If Tobacco Policy is Protected in TPP, Why is US Proposing a New Exception?Publish By Robert Valenti Updated 15/06/2012 5:10 pm in Opinion / 1 comment
Media Release: Professor Jane Kelsey
Friday 15 June 2012
“US plans to table a specific exception of tobacco contradict the government’s reassurances that a Trans-Pacific Partnership Agreement would not restrict New Zealand’s right to introduce plain packaging or other tobacco control laws”, according to University of Auckland Law Professor Jane Kelsey.
“If the existing treaties are fine, why is the US introducing an exception?”.
Both sides of the tobacco debate have been lobbying intensively throughout the TPPA negotiations, especially in the United States.
The Obama government has been under intense pressure from public health advocates since a recent from the World Trade Organization struck down America’s ban on importing clove flavoured cigarettes from Indonesia.
The US had planned to table an exception specifically targeted at tobacco at the last round of negotiations in Dallas. It backed off after last minute interventions by Big Tobacco and politicians from the tobacco states. The US is now expected to table the compromise proposal before or at the next round that begins in San Diego on 2 July.
In stark contrast to the secrecy that surrounds the negotiations the US trade negotiations have been consulting extensively with a range of public health and industry groups, not just cleared advisers whom the US allows to see the text. While the actual wording has not been released, the content effectively has been.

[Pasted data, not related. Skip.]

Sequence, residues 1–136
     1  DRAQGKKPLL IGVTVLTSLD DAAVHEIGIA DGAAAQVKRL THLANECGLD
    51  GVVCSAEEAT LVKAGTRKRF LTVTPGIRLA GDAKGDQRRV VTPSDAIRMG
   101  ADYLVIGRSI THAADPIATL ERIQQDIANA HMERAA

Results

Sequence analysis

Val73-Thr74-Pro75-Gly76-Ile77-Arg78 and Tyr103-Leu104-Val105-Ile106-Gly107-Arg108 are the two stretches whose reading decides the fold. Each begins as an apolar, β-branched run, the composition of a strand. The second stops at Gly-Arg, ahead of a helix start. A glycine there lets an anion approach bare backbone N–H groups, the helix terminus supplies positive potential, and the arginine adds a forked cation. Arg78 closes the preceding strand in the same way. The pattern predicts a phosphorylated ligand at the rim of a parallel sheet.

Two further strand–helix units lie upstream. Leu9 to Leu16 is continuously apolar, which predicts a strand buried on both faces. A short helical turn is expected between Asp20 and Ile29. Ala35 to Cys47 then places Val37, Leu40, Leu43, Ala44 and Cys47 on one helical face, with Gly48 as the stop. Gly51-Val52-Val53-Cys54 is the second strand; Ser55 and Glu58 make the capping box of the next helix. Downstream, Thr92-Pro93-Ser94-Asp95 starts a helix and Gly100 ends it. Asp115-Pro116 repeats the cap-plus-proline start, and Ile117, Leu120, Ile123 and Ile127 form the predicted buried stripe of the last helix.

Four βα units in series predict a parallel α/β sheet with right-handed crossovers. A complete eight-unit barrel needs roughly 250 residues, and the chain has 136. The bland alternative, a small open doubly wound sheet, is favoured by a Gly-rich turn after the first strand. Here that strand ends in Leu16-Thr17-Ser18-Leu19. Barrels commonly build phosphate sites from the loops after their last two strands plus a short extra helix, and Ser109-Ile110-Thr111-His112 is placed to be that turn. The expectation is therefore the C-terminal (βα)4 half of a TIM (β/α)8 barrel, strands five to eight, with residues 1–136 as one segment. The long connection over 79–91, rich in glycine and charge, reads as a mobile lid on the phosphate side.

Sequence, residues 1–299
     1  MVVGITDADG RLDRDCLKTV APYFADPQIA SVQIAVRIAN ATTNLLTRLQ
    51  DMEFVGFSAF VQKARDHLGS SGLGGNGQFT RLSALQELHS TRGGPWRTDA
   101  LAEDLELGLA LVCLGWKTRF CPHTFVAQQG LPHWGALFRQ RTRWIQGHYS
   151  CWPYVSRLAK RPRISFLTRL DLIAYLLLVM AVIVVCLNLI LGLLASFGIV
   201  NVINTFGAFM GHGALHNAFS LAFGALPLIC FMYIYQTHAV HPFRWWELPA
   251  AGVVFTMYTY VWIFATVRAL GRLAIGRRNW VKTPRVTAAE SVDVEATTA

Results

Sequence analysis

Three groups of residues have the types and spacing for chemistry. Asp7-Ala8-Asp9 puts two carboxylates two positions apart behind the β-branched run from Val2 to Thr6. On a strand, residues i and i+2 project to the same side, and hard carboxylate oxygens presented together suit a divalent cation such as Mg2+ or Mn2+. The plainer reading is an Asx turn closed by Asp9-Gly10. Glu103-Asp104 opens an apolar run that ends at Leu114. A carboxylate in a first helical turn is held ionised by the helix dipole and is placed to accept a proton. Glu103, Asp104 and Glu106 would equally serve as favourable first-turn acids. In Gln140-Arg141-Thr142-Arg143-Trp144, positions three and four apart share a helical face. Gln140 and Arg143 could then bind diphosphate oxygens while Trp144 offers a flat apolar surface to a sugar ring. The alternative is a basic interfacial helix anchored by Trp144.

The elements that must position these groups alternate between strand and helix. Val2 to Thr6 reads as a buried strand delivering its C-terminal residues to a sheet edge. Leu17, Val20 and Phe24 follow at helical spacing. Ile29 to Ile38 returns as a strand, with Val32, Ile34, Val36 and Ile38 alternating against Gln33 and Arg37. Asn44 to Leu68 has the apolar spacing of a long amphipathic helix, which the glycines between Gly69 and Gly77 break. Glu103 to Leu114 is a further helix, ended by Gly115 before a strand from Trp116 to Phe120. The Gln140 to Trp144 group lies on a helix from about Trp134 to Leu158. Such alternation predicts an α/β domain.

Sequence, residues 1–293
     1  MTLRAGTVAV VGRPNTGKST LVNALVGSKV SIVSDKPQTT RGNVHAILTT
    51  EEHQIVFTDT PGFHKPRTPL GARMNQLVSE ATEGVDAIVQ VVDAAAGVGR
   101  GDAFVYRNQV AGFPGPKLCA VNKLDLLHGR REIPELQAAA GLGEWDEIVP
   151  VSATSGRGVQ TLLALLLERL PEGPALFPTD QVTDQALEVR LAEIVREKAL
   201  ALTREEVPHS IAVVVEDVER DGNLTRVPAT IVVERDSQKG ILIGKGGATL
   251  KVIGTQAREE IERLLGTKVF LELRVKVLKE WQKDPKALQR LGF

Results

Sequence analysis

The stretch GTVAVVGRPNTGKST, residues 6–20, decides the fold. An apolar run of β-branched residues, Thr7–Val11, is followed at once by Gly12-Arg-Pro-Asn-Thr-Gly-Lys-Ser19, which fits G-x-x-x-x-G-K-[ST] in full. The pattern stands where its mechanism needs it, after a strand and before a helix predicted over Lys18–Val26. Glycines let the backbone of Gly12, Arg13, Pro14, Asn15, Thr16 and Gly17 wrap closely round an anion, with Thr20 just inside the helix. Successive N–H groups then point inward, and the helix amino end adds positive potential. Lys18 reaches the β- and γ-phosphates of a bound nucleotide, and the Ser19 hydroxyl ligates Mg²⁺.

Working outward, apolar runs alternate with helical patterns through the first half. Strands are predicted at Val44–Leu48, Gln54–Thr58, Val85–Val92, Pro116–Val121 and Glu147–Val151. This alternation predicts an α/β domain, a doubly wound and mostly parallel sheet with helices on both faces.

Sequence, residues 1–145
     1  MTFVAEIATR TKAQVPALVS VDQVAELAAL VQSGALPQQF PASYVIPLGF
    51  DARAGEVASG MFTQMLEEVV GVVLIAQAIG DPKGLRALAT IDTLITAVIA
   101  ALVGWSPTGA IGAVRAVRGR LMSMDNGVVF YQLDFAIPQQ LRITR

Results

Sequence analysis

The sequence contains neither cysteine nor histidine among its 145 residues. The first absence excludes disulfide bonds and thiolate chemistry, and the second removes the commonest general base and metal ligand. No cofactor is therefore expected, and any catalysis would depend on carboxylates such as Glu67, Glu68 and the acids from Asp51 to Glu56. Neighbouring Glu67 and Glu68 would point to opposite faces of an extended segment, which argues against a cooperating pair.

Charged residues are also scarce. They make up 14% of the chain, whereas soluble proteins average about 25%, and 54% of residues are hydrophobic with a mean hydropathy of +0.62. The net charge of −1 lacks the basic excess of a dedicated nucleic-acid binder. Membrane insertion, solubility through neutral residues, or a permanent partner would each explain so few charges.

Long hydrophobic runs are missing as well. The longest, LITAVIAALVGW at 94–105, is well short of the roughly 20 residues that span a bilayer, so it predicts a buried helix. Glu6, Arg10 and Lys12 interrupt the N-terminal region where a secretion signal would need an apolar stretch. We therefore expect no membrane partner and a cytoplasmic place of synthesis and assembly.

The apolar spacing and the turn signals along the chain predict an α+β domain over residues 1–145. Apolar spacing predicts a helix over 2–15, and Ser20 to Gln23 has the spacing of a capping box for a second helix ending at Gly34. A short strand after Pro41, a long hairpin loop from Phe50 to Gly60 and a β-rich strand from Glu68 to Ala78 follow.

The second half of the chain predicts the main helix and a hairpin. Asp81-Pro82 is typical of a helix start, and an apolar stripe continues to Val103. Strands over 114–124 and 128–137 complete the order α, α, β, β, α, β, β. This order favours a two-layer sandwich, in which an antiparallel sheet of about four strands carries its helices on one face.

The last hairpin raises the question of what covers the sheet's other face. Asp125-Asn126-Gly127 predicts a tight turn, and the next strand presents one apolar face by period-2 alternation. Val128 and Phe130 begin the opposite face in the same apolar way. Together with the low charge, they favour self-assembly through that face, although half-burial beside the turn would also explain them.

Despite early excitement, it is clear that the US is not proposing a ‘carveout’ of tobacco from the TPP. This is a new exception, with familiar provisos that tobacco companies will be able to contest. Ironically, it could create even more uncertainty.
“In true US style, this exception only addresses issues of concern to the US. It does not apply to the investment chapter, so the special protections that Philip Morris is relying on in its investment disputes against Australia and Uruguay are not affected. Nor is their right to sue the government directly for allegedly breaching those rules”. , said Professor Kelsey.
“I understand that Australia and New Zealand are opposing the US measure – not because it is inadequate but because they cannot afford to concede that there are problems with the rules they has negotiated previously and are trying to defend now”, according to Professor Kelsey.
“The situation is a shambles. The only way to exclude tobacco from the TPP is a provision that reads: ‘Nothing in this Agreement applies to any measures that relate to tobacco’. Will our government do that? No.”